Here is another piece on the commonality of Jews and Muslims that is the rules of orthodoxies among both traditions. Indeed, almost all religious men don’t shake hands with women, and some cultures do not allow women to enter the place of worship. Women’s voices on the public stage are resented by them, let alone singing. A few Imams walked out in an award ceremony in Dallas, when a woman was received the award for her work and about to speak, Of course, I had my say to them, full story in the book American Muslim Agenda.
By the way, that is only a small tiny percent of Jews and Muslims that follow that creed. A majority in both traditions sing and entertain. If you are not a Jew or a Muslim, don’t gloat, your group has similar things.
What is Pluralism take on this? To you is your practice, and to me, it is my practice, you live what gives you comfort, and I live by what gives me pleasure. Let’s not push our practices onto each other.
Center for Pluralism
Courtesy Mosaic Magazine
On November 20, a tribute concert for Shlomo Artzi, the so-called “Israeli Bruce Springsteen,” was scheduled to take place in Tel Aviv, with the twin purposes of celebrating Artzi’s 70th birthday and raising money for Ezra l’Marpe, a non-profit that helps the sick obtain medical treatment. Yet Ezra l’Marpe’s founder, the ḥaredi rabbi and self-taught medical genius Avraham Elimelech Firer, canceled the concert abruptly after several performers protested over the fact that no female vocalist would be performing. At issue is the halakhic prohibition on men listening to women sing. Ruthie Blum comments:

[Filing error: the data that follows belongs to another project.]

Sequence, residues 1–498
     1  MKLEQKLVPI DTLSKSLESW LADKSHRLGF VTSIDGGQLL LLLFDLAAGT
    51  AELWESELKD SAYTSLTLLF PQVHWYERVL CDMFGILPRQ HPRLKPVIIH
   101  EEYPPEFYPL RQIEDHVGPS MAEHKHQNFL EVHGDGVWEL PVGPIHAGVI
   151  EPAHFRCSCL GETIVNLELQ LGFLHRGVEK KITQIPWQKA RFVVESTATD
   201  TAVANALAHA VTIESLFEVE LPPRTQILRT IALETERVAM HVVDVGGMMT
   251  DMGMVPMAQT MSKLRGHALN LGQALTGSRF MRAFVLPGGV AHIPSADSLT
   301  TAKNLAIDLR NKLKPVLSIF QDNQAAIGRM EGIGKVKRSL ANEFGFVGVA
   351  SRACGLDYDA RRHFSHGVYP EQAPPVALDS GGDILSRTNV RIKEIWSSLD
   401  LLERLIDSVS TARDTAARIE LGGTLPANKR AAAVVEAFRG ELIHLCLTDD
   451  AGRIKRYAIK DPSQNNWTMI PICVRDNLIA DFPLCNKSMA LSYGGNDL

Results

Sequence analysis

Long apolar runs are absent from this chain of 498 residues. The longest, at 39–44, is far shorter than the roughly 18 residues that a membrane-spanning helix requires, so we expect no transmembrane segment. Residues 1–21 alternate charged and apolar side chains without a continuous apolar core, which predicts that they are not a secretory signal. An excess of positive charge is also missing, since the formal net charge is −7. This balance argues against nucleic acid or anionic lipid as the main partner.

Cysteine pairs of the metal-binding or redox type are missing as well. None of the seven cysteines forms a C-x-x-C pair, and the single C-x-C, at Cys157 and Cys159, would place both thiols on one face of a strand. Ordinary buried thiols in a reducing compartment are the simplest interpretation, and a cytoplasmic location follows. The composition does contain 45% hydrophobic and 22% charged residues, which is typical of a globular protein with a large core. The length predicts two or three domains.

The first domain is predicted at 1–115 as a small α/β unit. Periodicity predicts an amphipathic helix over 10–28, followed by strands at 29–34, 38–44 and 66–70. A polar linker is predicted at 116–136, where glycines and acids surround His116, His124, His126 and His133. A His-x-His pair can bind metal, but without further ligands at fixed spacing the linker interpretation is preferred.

[W]hen the organizers of the gala honoring Artzi discovered and revealed that no female vocalists would be able to perform, incensed women artists made a stink, and their male counterparts began to announce that they couldn’t possibly appear on stage under such circumstances. You know, out of “solidarity” and in “principle.” Which actually meant that they feared being accused of male chauvinism.
If anything illustrates the danger of viewing individual issues through an inflexible ideological prism, this is it. Firer has proved himself to be a selfless and heroic figure, who has done nothing but use his . . . gifts to help comfort and heal millions of people, without regard to their ethnic, religious, or gender identities.
The sanctity of life is but one of Firer’s religious principles. Another is refraining from listening to women sing. Allowing the latter to cancel out the former not only is intolerant and unjust, but exposes the kind of narrow-mindedness that feminists and fanatical secularists accuse the Ḥaredim of possessing. In this case, it also turned what would have been a blessed happening into an empty auditorium.